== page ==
Consider the subspace UK of Emb(S^1,S^3) consisting of knots that are isotopic to the trivial knot. We know via Allen Hatcher’s work in the 1980’s that UK has the homotopy-type of the subspace of parametrized great circles, i.e. UK has the homotopy-type of S^3 x S^2. From this we can conclude that there exists a smooth, real-valued function UK –> R where the only critical points are the global minima, that being the great circles. At present we only know such a “potential function” exists in the weak Zermelo-Frankel sense. Due to the nature of Hatcher’s proof, we do not know the *form* of such a function. If the potential function had a nice geometric or physical interpretation (something like an electrostatic potential, for example) then perhaps the gradient-flow could be turned into an efficient mechanism to recognise trivial knots. By and large the issue of finding critical points on physically-defined potential functions Emb(S^1,S^3) –> R is an open problem. But as Hatcher shows in the final section of his paper (linked above), if you had such a potential function, you could give a new proof of the Smale Conjecture. The electrostatic potential is not the only potential function that could potentially be used in a new proof of the Smale Conjecture, the Menger curvature is another seemingly-reasonable candidate, and has its own appeal.

The person that really got the study of spaces of knots off the ground and into peoples’ imaginations is Victor Vassiliev. Vassiliev had been studying singularity theory with Arnold, in the spirit of how Arnold used singularity theory to describe the (co)homology of configuration spaces. One can think of a configuration space of points in the plane as the space of embeddings of a finite set into the plane, Emb({1,2,…,n}, R^2). That embedding space sits in the space of all maps Maps({1,2,…,n}, R^2), which is just R^{2n}. So the configuration space is the complement of a “discriminant” space, sometimes also called the “diagonal” where the points in R^2 are required to have some collisions. Similarly, the embedding space Emb(S^1, S^3) is a subspace of the mapping space Map(S^1,S^3) whose homotopy-type is known, this is S^3 x \Omega S^3. So if one is content to study (co)homology of Emb(S^1,S^3) one can study it via Spanier-Whitehead duality. This turns the relatively tricky problem of studying the (co)homology of Emb(S^1,S^3) into the somewhat more tractible problem of studying the singular maps S^1 –> S^3. The singular maps are “more tractible” precisely because they form a stratified space. You can count the double points, triple points, etc, similarly you can count the places where the derivative is zero, giving a filtration. This gives you a non-homogeneous object to work with, and suddenly there are details to study. Vassiliev went quite far with this perspective, giving a spectral sequence that converges to the (co)homology of Emb(S^1,S^n) for n at least 4. In the 3-dimensional case, it’s unclear precisely what the Vassiliev spectral sequence says about the homotopy-type of Emb(S^1,S^3), and that is an open problem. The invariants of H_0(Emb(S^1,S^3)) that it produces are known as “Vassiliev invariants” or “finite type invariants”. It remains an open problem whether or not one can distinguish knots via Vassiliev invariants. Due to the nature of their definition in terms of double points, one might expect that the key property of Vassiliev invariants is how they depend on crossing changes. You would be right!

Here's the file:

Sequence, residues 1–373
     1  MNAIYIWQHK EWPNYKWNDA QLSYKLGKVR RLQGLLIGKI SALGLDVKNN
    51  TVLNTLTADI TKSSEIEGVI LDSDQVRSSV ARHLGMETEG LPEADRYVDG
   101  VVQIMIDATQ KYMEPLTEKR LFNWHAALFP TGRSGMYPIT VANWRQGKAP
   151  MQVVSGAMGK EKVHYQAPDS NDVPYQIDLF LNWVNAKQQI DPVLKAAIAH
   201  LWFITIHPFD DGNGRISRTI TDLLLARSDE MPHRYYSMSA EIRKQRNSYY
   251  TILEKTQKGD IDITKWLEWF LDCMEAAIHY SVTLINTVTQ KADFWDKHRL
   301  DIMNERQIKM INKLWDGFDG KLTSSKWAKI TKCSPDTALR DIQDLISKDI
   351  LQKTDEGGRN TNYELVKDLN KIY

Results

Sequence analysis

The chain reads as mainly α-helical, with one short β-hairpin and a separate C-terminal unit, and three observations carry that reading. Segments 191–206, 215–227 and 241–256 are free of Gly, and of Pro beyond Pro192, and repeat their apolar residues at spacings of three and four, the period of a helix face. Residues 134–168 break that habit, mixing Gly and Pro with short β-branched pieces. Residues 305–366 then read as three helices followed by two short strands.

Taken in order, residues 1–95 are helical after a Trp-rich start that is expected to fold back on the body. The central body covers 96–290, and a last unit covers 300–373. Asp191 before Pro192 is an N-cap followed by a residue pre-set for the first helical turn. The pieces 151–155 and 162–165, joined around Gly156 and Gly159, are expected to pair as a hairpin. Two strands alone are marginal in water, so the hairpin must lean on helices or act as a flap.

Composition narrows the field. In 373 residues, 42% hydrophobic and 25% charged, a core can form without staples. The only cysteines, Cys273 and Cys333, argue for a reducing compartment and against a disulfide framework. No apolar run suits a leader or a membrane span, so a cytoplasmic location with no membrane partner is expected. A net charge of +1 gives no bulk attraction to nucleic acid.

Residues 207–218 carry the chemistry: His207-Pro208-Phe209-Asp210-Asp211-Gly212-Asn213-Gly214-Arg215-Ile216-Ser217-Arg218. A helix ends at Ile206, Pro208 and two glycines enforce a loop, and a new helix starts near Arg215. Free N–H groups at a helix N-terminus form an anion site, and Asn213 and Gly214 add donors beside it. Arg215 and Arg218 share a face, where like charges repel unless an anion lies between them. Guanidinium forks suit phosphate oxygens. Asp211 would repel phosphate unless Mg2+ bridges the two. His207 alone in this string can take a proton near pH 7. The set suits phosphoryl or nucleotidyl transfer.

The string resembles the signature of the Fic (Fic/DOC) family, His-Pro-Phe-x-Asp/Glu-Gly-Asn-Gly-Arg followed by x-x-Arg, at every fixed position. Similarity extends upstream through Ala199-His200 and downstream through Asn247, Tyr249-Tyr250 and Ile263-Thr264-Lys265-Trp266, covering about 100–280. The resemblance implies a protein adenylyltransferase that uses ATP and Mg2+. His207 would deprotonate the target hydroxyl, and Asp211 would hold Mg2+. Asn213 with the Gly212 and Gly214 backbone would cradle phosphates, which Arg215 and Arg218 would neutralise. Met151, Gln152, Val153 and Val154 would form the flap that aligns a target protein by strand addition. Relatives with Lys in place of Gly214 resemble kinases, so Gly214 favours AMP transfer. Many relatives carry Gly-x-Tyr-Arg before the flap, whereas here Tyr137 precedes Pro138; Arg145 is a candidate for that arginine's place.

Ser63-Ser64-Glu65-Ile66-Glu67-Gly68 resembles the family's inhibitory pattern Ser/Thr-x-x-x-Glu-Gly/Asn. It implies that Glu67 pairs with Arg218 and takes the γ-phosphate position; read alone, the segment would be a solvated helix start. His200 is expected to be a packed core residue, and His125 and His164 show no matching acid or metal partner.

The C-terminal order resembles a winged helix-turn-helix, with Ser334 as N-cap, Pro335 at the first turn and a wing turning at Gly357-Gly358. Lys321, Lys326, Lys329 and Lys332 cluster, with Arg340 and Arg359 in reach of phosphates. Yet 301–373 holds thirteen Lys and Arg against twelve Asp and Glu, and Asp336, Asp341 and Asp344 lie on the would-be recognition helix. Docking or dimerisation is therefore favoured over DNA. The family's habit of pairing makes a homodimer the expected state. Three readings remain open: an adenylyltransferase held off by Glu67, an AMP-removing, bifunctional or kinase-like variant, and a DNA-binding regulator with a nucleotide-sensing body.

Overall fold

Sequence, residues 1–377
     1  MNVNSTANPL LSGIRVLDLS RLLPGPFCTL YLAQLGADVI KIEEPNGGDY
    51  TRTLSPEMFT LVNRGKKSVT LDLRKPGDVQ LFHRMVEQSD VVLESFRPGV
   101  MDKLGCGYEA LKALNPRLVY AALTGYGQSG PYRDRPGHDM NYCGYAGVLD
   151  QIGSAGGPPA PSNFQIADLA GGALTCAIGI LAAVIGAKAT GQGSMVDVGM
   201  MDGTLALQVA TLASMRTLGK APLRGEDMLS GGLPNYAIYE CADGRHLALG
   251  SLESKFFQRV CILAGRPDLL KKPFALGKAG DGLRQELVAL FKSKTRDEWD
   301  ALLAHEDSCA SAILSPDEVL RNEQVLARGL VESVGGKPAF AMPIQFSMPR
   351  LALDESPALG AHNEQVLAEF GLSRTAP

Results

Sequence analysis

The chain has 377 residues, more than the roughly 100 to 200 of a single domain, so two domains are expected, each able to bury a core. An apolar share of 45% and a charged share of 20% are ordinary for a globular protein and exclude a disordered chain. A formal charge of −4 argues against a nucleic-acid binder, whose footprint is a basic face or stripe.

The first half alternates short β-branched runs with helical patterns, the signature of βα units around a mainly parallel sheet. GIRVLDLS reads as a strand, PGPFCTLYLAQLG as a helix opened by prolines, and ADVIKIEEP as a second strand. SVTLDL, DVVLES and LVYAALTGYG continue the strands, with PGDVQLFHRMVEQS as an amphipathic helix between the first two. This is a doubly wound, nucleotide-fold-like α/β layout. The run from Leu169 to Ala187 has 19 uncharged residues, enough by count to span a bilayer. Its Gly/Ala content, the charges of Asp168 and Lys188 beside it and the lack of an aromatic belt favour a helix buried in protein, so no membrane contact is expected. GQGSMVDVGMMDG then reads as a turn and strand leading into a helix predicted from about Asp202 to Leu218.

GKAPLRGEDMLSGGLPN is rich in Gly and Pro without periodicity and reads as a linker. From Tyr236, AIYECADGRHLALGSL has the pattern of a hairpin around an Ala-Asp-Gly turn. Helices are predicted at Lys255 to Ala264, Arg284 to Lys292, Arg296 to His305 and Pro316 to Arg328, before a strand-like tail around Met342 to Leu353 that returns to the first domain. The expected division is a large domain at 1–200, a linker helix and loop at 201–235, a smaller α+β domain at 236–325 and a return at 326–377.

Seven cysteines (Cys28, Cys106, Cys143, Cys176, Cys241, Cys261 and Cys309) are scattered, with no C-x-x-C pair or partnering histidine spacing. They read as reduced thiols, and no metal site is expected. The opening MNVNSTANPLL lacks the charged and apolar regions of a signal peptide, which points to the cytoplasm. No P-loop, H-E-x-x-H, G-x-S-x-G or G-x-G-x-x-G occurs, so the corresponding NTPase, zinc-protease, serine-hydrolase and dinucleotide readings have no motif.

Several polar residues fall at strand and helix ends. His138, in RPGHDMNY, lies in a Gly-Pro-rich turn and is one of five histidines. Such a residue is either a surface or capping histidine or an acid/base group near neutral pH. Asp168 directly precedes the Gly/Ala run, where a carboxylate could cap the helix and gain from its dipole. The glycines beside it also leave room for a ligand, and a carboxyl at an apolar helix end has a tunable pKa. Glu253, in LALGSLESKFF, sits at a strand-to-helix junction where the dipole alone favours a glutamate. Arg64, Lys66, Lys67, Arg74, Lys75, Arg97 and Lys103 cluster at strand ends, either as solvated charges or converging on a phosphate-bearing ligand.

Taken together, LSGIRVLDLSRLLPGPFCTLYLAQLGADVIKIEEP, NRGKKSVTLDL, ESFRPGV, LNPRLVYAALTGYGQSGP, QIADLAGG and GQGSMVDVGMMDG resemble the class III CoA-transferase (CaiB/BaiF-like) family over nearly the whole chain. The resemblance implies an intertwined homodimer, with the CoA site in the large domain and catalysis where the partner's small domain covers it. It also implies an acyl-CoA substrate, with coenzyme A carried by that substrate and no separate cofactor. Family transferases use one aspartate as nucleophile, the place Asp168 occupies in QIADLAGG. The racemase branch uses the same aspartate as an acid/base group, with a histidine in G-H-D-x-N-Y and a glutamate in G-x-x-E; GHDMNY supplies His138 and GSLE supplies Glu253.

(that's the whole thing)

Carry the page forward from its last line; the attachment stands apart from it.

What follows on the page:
There are some wonderful connections, though. For example, the first non-trivial finite-type invariant of knots is called “the type two invariant”. It has many interpretations, my favourite being a signed count of the number of families of “satanic circles” intersecting the knot, these are the round circles that intersect the knot in 5 points making a pentagram. See Daniel’s write-up, linked, for details. This interpretation also “has legs”. The type-2 invariant of knots, from the perspective of Vassiliev, is a cohomology class defined in H^{2n-6}(Emb(S^1,S^n)) for all n>2. So it is an isotopy invariant in dimension 3, but it is also a non-trivial cohomology class in all higher dimensions as well, having a fundamental interpretation. 2n-6 is the dimension of the first non-trivial homotopy class in Emb(S^1,S^n) that does not come from the homotopy of the free loop space on S^n. Moreover, the type-2 invariant faithfully detects this homotopy/homology class. Just as in dimension 3, it is a signed count of the number of “satanic circles” on the knot. This result appears rather tersely, here. If you want to work out the proof you’ll have to understand the relation with the long-knot space, outlined in the linked paper, first.

I’m starting to hope questions such as “do Vassiliev invariants distinguish knots” are perhaps answerable in the near future. There are a variety of ways to attack this problem but I’m increasingly drawn to a relatively formal perspective. I don’t want to bore you with too much operads verbiage, but let me tell you about the geometric-topology input to this perspective. The homotopy-type of the space of smooth embeddings Emb(S^1, S^3) has a rather beautiful description in the language of operads (operads are something like topological monoids, and are a general language for operations on spaces). The most immediate analogy I can think of would be to consider the subgroups of braid groups that preserve a system of closed curves in the punctured disc. They clearly have semi-direct product descriptions. The space of knots is comparable to that, with the key ingredient being an operad that codifies satellite operations. I call it the Splicing Operad, in reference to Larry Siebenmann’s work on JSJ-decompositions of homology 3-spheres. A key theorem that allows one to compute the homotopy-type of the splicing operad (and Emb(S^1,S^3)) is:

Given an (n+1)-component hyperbolic link L in S^3, with the components denoted (L_0,L_1,…,L_n)=L, if we know the n-component sublink (L_1,…,L_n) is the trivial link, then one can isotope L into a position in S^3 so that each of the components L_1 through L_n are round circles, and if we let G be the group of orientation-preserving isometries of S^3 that restrict to homeomorphisms of L, and which restrict to homeomorphisms also of L_0, then we can ensure that the restriction of G to S^3 \setminus L is the full group of orientation-preserving hyperbolic isometries on the exterior which preserve the L_0 cusp (and which extend to continuous functions on S^3).

So this theorem is something of a partial converse to the stated theorem at the beginning of this article. While one can’t put the Borromean rings into a position where all 3 components are round circles, one can equivariantly put the Borromean rings into a position where two of the three components are round.